Guys like Tab Benoit keep the NOLA blues-jazz tradition alive 

Big Easy Blues

click to enlarge In 2006, blues guitarist Tab Benoit was Grammy Award-nominated for Best Traditional Blues Album

Jerry Moran

In 2006, blues guitarist Tab Benoit was Grammy Award-nominated for Best Traditional Blues Album

Considered the granddaddy of nearly all forms of popular music, the blues has been resurrected from the dead more times than Dracula. But with performers like Tab Benoit still hitting the road, preaching the gospel of heartbreak one hellacious guitar lick at a time, now is not the time to turn out the lights at your favorite jukejoint.

"The cultures tend to blend more in the South, whereas it seems like people tended to stick to themselves in the North and other areas of the U.S.," Benoit explains. "There are a lot of cities up north where each certain culture has a section of town, and that's it: Chinatown, Little Italy — places like that."

The guitarist continues, "Down here, people are all mixed together, and I think that just opens everyone up to accepting different parts of certain cultures. Especially around Louisiana, there's a culture that comes from different backgrounds, and everything gets mixed together and creates a new one."

That openness has always been both a credit for the people of Louisiana and a lucrative arrangement for those who showcase the artist. While New Orleans may be a destination for music lovers, if they knew that the only thing waiting for them on Bourbon Street was an endless battle of the bands between Dixieland jazz outfits, it wouldn't take long for it to become a haven for lovers of all-things kitsch.

The new blood of talent that continues to pour out of the bus stations and train depots is a never-ending supply of fresh ideas and musical styles that keeps the Crescent City's music scene a vibrant one. Benoit acknowledges that the blues legends that remain in NOLA are more than happy to allow this new generation of roots revivalists to sit under the learning tree and train with the best.

"New Orleans has always been open to people coming in from other places. The city has always been like that, just accepting of everybody that wants to give music a shot. A lot of young kids move there to soak up the history and learn the old ways, and generally they are accepted. The old guys who have been playing the clubs forever kind of say, 'Come on in, and take your shot,'" he says with a laugh. "The masters that are still around are pretty accessible to anyone that wants to learn this stuff."

The multiple Grammy Award-nominated singer is now so synonymous with the music scene of his home that he has become one of those masters. Revered by both the traditionalists who helped him hone his swamp-blues guitar-playing, and those more lax fans who expect more of a rock-show vibe when attending his concerts, Benoit has yet to gain that all-too important crossover hit that would make him the biggest name in blues today. Multiple wins at the Blues Foundation's Blues Music Awards is great, but a regular spot among Clear Channel's nationwide network of radio stations would do even more for the performer's bank account.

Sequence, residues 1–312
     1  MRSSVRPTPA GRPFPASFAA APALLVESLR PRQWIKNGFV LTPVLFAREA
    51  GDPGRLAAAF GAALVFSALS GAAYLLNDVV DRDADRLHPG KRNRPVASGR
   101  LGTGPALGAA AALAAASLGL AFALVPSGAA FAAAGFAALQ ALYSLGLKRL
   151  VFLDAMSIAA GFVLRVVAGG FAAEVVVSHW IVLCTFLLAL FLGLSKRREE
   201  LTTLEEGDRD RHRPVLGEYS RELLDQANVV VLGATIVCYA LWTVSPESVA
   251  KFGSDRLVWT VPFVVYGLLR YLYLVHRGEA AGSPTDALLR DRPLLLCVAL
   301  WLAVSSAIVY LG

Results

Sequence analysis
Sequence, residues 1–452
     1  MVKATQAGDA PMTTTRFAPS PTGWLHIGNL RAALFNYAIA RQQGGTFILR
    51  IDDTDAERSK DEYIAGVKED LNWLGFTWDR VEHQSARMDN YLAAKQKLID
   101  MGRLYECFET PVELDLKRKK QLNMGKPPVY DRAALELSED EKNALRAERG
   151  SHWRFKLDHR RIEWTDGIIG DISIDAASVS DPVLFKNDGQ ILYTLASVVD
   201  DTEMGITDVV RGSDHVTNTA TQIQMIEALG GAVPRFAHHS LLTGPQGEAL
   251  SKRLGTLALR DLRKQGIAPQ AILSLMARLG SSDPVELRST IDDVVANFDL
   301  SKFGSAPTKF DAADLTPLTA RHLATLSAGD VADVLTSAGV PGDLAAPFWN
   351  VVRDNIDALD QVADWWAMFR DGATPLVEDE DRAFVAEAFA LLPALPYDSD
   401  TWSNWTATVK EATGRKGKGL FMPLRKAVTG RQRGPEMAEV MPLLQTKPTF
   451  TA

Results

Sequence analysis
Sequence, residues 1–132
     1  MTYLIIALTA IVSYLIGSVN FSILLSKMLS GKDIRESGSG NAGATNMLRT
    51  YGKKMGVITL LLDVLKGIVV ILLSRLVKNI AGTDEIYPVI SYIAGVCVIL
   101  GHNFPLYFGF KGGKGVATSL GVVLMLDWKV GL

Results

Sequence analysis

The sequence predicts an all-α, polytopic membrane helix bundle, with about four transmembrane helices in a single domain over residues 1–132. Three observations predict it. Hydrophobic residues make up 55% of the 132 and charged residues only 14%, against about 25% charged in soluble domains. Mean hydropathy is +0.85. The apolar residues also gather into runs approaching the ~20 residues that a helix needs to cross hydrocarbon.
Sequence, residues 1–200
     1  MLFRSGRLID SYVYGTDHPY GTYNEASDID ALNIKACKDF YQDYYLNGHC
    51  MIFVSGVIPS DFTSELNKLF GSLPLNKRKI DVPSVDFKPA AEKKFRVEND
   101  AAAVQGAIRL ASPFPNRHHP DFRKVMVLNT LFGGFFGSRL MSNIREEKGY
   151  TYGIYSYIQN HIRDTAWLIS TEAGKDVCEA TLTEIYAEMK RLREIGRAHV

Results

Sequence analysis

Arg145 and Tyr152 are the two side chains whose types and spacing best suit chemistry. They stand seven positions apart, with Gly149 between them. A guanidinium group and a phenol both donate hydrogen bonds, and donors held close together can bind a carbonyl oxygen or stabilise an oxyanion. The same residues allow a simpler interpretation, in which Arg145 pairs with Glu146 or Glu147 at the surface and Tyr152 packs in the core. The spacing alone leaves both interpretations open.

Still, he continues to pack audiences into clubs around the country, grateful that the fans show up to hear anything from his catalogue. The positive side of not having a signature hit is knowing that the audience appreciates more than three minutes of your total career.

"I'm glad I'm not a one-hit wonder — that's for sure — with everyone just waiting to hear one song and then leave," Benoit admits. "With the kind of music I'm doing, it doesn't really lend itself to that anyway, as I am rewriting them basically every night. All of my songs are always open to improvisation. I don't really write songs out that have to be performed a certain way every single time. Songs are written in a vague enough manner that things can be changed at any time so that they remain free to the moment. I think it's important as a live performer to make the audience feel as if they are part of the moment. They don't know what's going to happen, I don't know what's going to happen, and the band doesn't know what's going to happen."

He continues, "It's the Evel Knievel way: I think I can make it through this, so set up the ramp, turn on the camera, and let's go try it. No one really knows what's going to happen, and I think that keeps the excitement there for everyone — not just the audience but the band also."



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